The kryptonite that bought Prop 8

via creative commons license from courosa on flickr

via creative commons license from courosa on flickr

Freeze-frame in memory from my daughter’s infancy:

She’s rolling around on the floor several feet away. I’m talking with someone on the couch. Out of the corner of my eye, I see a tall lamp post begin to fall in a trajectory towards my daughter’s head. I leap up from the couch and my body flies horizontally, lingering in mid-air to barely intercept the lamp post before it makes contact with her head. Then everything returns to normal, I’m back on the couch, and we resume our conversation.

In fact, what was happening behind the scenes was that my body was transforming from mild-mannered “parent” into cape-clad superhero, faster than the speeding lamp post that threatened my child. Parents in particular are instinctually familiar with this state, but I have learned that these powers used in service of good are also highly vulnerable to purposeful deception when the safety of kids is involved.

In Behind the numbers of Prop. 8 today in the LA Times, David Fleischer takes us through the revealing study of just how effectively the awesome power of parental instincts was exploited to move a half a million parents to pass Prop 8 in California:

The Yes on 8 campaign targeted parents in its TV ads. “Mom! Guess what I learned in school today!” were the cheery-frightening first words of the supporters’ most-broadcast ad. They emerged from the mouth of a young girl who had supposedly just learned that she could marry a female when she grew up.

Among the array of untrue ideas that parents could easily take away: that impressionable kids would be indoctrinated; that they would learn about gay sex; that they would be more likely to become gay; and that they might choose to be gay. California voters, depending on where they lived in the state, were exposed to the Yes on 8 ads 20 to 40 times.

This deception is the kryptonite that bought Prop 8. It’s important to note that these parents are far from evil. They are not motivated by hatred, as Fleischer points out most crucially:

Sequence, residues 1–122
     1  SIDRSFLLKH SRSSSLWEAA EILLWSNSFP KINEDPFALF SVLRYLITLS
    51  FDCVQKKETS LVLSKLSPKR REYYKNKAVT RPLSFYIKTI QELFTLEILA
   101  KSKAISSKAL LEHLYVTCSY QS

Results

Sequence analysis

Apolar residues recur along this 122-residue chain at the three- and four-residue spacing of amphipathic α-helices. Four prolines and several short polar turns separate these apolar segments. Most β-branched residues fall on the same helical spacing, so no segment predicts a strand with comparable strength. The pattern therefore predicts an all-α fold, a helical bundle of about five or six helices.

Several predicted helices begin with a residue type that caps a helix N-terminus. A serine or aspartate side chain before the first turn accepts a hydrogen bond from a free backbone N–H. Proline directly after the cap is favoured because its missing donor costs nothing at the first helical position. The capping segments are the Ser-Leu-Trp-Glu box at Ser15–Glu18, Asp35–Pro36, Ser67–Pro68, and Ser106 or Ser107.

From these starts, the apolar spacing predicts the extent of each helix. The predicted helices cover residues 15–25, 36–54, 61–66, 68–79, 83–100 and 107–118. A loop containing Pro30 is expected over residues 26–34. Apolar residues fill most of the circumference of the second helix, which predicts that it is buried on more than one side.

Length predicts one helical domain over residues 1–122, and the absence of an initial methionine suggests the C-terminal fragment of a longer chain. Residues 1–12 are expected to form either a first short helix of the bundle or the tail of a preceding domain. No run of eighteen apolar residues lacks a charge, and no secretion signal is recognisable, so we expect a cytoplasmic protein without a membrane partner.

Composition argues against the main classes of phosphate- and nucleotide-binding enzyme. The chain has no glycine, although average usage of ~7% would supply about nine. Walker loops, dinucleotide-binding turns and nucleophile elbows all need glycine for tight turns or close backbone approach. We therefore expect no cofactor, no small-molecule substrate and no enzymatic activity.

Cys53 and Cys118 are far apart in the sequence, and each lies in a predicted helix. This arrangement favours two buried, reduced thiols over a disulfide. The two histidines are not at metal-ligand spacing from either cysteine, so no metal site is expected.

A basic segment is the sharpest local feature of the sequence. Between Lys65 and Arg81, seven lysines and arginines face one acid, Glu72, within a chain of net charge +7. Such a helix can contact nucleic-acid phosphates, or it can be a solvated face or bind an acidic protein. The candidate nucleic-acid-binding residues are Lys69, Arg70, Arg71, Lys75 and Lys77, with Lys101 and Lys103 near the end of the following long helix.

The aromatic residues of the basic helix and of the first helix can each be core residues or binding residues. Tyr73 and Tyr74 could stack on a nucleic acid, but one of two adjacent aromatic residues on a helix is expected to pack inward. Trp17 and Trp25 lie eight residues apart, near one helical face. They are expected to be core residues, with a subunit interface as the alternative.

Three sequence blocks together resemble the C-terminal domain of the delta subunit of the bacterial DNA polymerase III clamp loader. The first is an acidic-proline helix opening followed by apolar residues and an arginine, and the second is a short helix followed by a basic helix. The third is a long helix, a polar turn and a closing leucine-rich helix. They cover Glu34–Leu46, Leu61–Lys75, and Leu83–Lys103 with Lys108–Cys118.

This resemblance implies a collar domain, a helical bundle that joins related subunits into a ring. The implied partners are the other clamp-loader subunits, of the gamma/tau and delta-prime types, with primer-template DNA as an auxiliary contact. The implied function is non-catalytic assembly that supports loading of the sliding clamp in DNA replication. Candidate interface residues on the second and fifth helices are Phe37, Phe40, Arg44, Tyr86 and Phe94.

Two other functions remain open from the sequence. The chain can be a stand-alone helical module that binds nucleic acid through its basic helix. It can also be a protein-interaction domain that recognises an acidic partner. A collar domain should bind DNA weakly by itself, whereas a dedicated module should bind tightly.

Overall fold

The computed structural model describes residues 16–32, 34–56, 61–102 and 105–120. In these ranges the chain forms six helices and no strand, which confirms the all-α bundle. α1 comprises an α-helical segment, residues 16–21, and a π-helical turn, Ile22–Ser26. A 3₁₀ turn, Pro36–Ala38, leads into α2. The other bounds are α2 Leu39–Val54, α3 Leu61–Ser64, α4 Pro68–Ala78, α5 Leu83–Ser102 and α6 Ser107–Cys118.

Another misconception was that those who voted for Proposition 8 were motivated by hate. This does not describe most of the 687,000 who changed their minds in the closing weeks. After all, they supported same-sex marriage before the opposition peeled them away. Yes, they turned out to be susceptible to an appeal based on anti-gay prejudice. But they were frightened by misinformation.

Although it is is not news to folks close to the campaign that we lost because of these school scare tactics, it’s good to see it validated in today’s report. Yet while the No On Prop 8 campaign reacted as if stunned by the explosion of kryptonite, and the other side knew all too well we didn’t have time after the ad-bombs to recoup in the dwindling days of the election, we’ve all had no excuse to not see this coming again. In fact, the exact same ads were used with success to beat gay marriage just last year in Maine.

The blame is not on the parents who are only doing what they are instinctually conditioned to do. Likewise, the solution lies not in further trickery and deception. To truly help parents continue to do what they do best is to expose these scare tactics for what they are, but sadly, the element of fear remains a top-seller in our world. I have asked myself how to neutralize this element every single day post Prop 8.

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